It is a pathetic comment on Western society that this is even still controversial. The cited study contradicts previous ambivalent findings about the effectiveness of sexuality education. But then there’s blast from the past that Courtney E. Martin recounts, and will surely resonate with many:
As the middle-aged gym teacher in a track suit stands in front of the class and reads a health book out loud in a monotone voice — “Intercourse can lead to unwanted pregnancy and sexually transmitted diseases, such as …” — a couple of girls swap the latest issue of US Weekly and a Gossip Girls novel, all the juicy parts underlined in pink pen.
It is a chicken and egg problem. In order for people to have healthy and sensible attitudes about sex, they need guidance that isn’t laden with shame.
According to the government’s most comprehensive survey of American sexual practices to date, more than half of all teenagers have engaged in oral sex — including nearly a quarter of those who have never had intercourse. Regardless of this reality, health teachers from Nacogdoches, Texas, to Newark, N.J., are taught to emotionlessly repeat — as if pull dolls of the Bush administration — “The only guaranteed way to avoid pregnancy and STDs is abstinence. The only guaranteed way to avoid pregnancy and STDs is abstinence. The only guaranteed way to avoid pregnancy and STDs is abstinence.”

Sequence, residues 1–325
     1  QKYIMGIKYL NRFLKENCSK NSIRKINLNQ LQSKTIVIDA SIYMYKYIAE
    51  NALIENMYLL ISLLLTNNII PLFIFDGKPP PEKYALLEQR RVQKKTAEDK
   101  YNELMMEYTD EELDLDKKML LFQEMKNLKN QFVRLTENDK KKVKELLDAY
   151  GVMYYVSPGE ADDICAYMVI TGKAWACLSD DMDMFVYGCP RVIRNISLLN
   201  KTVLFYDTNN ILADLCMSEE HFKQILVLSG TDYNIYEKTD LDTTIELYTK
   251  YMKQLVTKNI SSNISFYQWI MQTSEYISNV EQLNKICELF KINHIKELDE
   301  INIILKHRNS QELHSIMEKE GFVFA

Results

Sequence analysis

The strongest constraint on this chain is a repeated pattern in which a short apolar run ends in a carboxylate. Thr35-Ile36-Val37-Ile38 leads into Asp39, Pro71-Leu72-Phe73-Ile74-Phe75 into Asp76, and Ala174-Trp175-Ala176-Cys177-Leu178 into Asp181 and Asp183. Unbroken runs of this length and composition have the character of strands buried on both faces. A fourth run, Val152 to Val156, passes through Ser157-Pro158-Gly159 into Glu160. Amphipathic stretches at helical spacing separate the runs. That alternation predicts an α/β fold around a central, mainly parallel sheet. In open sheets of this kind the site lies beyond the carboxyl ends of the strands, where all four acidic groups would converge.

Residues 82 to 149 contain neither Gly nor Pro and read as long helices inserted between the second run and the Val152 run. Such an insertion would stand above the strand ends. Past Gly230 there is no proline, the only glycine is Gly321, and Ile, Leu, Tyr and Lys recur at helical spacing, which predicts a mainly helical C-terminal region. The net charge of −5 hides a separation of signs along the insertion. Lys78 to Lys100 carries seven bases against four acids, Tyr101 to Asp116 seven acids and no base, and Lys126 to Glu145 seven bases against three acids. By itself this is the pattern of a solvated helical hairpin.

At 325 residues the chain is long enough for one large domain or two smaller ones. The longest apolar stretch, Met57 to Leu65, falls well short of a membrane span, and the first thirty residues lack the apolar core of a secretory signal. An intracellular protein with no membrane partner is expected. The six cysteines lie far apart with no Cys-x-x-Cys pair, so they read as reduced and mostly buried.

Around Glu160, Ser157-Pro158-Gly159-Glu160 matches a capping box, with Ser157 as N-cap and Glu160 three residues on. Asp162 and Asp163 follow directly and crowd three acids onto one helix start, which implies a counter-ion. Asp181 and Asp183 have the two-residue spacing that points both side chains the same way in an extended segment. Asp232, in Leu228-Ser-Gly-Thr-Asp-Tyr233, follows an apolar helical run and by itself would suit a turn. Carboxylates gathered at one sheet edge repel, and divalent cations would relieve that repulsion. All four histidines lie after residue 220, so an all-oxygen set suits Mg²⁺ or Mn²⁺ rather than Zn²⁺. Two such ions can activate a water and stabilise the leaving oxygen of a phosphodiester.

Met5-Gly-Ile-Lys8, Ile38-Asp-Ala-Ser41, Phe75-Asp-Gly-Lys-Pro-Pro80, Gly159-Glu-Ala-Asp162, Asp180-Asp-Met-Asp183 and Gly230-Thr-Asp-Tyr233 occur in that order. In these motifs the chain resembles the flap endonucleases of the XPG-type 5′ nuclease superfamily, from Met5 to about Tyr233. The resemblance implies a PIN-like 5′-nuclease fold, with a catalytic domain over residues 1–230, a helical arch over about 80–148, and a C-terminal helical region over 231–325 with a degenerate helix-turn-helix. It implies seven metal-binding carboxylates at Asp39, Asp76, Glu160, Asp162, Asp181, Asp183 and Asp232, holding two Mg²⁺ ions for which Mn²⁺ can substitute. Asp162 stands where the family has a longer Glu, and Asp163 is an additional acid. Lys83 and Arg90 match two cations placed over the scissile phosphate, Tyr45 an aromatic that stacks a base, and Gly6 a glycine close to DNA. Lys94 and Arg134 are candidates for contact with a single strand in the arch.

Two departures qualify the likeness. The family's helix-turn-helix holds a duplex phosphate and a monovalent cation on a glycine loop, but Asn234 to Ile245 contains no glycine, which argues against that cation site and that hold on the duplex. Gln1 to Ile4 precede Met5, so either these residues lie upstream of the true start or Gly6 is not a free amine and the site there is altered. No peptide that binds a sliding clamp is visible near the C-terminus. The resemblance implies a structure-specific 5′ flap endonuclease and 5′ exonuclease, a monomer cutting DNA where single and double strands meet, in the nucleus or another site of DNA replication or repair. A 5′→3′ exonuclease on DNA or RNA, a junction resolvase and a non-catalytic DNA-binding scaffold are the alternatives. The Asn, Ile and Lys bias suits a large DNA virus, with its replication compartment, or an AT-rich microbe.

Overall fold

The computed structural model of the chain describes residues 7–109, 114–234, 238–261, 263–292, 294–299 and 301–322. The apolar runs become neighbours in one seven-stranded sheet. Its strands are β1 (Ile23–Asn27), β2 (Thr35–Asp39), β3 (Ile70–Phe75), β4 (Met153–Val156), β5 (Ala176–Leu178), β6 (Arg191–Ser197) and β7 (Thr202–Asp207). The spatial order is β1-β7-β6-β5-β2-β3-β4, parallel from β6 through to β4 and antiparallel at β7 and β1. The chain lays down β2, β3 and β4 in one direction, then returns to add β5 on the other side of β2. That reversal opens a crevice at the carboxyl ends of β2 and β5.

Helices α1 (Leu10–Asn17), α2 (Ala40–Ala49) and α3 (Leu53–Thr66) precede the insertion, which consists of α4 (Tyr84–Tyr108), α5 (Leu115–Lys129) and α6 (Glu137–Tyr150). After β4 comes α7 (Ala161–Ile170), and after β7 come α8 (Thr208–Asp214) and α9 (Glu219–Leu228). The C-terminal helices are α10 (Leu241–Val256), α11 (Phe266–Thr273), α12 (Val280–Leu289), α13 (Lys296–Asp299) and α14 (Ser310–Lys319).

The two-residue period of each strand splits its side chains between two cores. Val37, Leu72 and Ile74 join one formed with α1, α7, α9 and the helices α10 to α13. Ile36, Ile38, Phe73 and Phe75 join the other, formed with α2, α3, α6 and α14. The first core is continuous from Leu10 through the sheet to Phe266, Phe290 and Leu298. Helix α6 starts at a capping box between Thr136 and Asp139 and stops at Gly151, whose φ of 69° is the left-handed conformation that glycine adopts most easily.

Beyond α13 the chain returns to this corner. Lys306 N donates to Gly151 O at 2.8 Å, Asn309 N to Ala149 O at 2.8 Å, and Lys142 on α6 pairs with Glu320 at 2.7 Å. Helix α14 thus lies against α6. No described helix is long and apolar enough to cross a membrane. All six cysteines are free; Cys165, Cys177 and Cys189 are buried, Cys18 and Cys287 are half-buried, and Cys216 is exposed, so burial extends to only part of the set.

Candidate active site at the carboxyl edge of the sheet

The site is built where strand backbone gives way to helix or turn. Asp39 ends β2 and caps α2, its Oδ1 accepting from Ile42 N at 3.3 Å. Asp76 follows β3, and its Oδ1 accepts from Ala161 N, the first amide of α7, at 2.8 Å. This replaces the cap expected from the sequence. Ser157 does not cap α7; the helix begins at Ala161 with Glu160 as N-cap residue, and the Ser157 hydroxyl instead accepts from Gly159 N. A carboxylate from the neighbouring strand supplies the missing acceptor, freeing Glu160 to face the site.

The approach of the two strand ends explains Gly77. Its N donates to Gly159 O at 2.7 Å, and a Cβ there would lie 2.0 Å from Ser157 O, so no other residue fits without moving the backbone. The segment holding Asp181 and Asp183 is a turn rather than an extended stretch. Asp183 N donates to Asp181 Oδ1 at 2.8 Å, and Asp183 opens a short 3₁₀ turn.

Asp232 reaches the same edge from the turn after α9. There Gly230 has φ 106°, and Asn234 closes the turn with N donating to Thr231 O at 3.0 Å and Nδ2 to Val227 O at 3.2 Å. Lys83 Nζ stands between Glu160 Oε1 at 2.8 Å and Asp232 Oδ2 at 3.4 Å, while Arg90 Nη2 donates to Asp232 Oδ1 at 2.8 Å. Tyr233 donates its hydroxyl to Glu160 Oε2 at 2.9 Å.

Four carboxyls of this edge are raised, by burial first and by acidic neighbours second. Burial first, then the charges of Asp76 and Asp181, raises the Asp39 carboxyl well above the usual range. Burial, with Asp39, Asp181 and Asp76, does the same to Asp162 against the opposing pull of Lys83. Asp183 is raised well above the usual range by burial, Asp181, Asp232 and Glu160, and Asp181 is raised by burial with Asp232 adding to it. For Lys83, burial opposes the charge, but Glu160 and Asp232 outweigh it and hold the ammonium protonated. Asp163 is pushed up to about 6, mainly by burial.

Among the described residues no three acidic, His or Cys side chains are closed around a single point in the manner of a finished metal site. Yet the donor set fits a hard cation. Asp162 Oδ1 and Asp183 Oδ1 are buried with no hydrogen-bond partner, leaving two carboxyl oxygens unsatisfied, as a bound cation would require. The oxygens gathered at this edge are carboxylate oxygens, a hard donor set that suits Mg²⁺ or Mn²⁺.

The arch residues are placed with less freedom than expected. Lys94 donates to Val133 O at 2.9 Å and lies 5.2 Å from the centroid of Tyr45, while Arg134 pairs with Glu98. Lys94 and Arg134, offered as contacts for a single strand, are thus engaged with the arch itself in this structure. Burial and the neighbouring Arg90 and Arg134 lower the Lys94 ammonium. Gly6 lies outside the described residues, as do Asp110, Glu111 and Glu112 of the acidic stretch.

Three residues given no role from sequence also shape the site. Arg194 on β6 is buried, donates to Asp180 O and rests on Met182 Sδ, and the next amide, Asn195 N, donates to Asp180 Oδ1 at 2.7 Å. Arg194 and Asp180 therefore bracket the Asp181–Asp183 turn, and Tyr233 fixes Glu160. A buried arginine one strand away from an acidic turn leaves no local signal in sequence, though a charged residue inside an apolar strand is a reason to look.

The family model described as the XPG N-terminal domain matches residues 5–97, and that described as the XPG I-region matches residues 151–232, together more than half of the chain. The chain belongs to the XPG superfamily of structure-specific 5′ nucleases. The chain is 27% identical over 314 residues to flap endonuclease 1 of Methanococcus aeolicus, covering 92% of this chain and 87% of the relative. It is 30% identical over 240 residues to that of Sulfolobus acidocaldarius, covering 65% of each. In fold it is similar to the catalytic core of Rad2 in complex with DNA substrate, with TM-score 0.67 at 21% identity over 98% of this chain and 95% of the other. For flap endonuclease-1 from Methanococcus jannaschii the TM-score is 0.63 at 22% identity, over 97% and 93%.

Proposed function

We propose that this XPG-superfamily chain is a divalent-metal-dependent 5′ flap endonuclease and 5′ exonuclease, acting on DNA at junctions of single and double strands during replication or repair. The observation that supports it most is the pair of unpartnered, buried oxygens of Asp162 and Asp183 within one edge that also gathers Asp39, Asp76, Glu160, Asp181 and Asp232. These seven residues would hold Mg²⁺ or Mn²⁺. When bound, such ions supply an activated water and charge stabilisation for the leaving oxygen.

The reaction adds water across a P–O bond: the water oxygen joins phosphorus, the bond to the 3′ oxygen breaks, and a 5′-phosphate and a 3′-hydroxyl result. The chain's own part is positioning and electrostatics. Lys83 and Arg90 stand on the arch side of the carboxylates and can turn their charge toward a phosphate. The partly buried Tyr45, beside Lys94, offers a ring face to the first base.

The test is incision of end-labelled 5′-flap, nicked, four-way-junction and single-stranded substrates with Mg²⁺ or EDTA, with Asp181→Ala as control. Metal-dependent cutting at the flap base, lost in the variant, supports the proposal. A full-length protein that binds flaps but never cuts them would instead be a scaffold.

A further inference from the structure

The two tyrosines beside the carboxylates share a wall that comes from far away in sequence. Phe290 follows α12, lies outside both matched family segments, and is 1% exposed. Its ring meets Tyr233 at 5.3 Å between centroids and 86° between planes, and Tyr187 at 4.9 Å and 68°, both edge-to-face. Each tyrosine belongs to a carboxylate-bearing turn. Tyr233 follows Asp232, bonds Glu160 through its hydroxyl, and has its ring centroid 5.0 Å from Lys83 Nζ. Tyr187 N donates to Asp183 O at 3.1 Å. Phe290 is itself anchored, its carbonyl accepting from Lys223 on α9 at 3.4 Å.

Even without the “superior” mind/”inferior” body dichotomy that Jack Holland, in Misogyny, blamed for a repression of women, Martin writes that “the message to young women is also resolute: Your body is dangerous. Control it. Ignore it. Don’t ask any questions. Teen girls are cast as asexual princesses happily trapped in towers, guarded by their Bible verse-spouting fathers.”
Martin might not point precisely to the dichotomy that Holland derived from Plato, but she points to dichotomies nonetheless, “between pornified culture and purity balls, in between the slut and the virgin, the stupid, lascivious dude and the knight in shining armor, in between the messages directed at young women — your body is your power vs. your body is dangerous — and young men — your gaze is your power vs. your gaze is dangerous.”
And for me, it all still leaves unanswered a single question. When sex makes us all feel good, why did we ever accept a paradigm that both stigmatizes it and casts it as a temptation?